Watch This Paraglider Take Flight Against the Backdrop of the Northern Lights

If you don’t have the paragliding skills to get a birds-eye view of the northern lights yourself, now you can live vicariously through Horacio Llorens. Red Bull recently released a video of the famous aerobatic paraglider gliding across the majestic backdrop of the aurora borealis.

To capture the video, Llorens and the film crew headed to a location outside Tromso, Norway, where they braved -15 degree temperatures. Llorens wore heated gloves to keep his hands warm and a wetsuit just in case he fell into the water beneath him during the flight. The paraglider was outfitted with a Thor200 paramotor that allowed him to maneuver gracefully amidst the stunning green lights.

Of the experience, Llorens told Red Bull: "It feels like clouds are in front of you, 500 [meters] away, but in reality they're 15,000 [meters] over your head."

You can watch the full video of the flight above. 

Banner image via Red Bull.

[h/t: Red Bull]

When Chuck Yeager Tweeted Details About His Historic, Sound Barrier-Breaking Flight

Seventy years ago today—on October 14, 1947—Charles Elwood Yeager became the first person to travel faster than the speed of sound. The Air Force pilot broke the sound barrier in an experimental X-1 rocket plane (nicknamed “Glamorous Glennis”) over a California dry lake at an altitude of 25,000 feet.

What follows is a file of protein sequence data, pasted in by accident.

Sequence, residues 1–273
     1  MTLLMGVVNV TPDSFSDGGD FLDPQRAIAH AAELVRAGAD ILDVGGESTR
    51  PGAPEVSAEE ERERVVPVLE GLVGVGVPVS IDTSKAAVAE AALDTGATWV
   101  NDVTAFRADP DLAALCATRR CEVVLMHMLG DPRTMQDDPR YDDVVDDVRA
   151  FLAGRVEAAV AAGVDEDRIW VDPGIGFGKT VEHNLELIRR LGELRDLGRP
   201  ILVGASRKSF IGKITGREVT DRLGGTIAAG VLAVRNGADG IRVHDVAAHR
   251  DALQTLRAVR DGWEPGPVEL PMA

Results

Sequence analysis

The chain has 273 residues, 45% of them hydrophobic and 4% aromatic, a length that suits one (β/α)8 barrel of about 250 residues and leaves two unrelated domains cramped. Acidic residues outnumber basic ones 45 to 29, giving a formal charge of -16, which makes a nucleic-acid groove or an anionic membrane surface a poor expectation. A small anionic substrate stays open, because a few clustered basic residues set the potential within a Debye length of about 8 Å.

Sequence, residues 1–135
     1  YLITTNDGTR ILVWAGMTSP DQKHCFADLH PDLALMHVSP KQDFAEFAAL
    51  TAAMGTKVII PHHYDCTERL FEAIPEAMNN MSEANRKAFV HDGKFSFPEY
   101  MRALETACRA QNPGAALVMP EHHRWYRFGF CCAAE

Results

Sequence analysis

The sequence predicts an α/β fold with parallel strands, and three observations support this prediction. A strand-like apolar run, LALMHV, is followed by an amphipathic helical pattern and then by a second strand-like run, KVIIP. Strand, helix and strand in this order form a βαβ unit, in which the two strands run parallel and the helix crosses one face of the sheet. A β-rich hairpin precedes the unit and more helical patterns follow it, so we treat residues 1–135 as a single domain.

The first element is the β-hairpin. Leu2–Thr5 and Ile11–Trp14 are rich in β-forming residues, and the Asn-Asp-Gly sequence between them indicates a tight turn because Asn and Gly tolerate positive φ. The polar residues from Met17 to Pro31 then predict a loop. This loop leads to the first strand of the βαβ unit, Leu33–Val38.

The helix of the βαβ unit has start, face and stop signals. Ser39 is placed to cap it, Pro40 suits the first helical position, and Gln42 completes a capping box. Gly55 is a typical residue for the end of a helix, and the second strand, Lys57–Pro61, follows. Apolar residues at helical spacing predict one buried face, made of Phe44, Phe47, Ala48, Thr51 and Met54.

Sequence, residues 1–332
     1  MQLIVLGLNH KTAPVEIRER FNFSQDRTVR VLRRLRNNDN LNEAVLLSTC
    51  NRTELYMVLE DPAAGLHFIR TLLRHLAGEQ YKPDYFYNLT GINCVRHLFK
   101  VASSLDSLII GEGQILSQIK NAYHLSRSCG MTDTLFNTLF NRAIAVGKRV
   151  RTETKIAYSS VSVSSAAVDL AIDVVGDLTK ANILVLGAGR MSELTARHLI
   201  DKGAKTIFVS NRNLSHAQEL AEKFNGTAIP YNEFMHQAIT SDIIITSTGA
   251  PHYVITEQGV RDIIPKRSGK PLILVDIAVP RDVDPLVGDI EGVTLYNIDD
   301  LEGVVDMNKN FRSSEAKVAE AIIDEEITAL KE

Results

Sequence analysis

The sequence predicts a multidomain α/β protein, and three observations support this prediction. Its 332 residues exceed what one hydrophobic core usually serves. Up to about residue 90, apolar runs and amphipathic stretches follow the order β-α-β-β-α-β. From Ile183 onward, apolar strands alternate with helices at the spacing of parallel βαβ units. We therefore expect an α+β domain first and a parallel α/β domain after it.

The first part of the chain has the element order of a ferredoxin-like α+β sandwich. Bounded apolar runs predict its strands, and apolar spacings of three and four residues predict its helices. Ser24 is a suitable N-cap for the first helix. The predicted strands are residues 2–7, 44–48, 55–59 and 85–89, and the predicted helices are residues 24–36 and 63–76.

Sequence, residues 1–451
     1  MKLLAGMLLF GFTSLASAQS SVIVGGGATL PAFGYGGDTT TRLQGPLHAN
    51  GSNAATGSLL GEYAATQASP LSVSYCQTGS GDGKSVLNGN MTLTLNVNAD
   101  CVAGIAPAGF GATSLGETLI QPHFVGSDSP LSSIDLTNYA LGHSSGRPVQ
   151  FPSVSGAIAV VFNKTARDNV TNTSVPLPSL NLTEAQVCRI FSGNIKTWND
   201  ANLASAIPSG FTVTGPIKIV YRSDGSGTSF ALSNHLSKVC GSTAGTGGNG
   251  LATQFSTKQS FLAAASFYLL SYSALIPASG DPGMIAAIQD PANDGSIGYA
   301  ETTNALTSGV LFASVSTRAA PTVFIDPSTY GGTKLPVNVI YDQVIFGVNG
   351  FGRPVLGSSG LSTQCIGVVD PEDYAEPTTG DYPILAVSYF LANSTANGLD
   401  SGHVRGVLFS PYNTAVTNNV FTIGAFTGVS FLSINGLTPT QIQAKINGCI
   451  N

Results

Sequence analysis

In 2015, the nonagenarian posted a few details on Twitter surrounding the anniversary of the achievement, giving amazing insight into the history-making flight.

For even more on the historic ride, check out the video below.

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How the Wright Brothers' Plane Compares to the World's Largest Aircraft
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The Wright brothers famously built the world’s first powered, heavier-than-air, controllable aircraft. But while the siblings revolutionized the field of aviation, their early plane looks tiny—and dare we say quaint-looking—when compared to the aerial giants that came after it.

In Tech Insider’s video below, you can see how the Wright brothers’ flyer stacks up against the scale of other aircrafts. You'll notice that size doesn't always guarantee a successful journey. The Hughes H-4 Hercules—the largest flying boat ever made—never made it past the prototype stage, performing only one brief flight in 1947. And the Hindenburg, which was 804 feet long and could fit 80 Olympic swimming pools, famously exploded on May 6, 1937.

Today’s longest commercial airliner is the Boeing 747-8, which measures 251 feet from nose to tail. While slightly shorter (238 feet), the Airbus A380 is certified to hold more people than any other plane in the air—a total of 850 passengers. That record won't last long, though: In a few years, the Stratolaunch carrier—the widest aircraft ever built—will dwarf its contemporaries when it takes to the skies in 2019. Built to launch rockets into orbit, its wingspan is about the size of a football field, even bigger than that of the Hughes H-4 Hercules.

Still, what the Wright brothers’ plane lacked in size, it made up for in ingenuity. Without it, these other giants may never have existed.

[h/t: Tech Insider]


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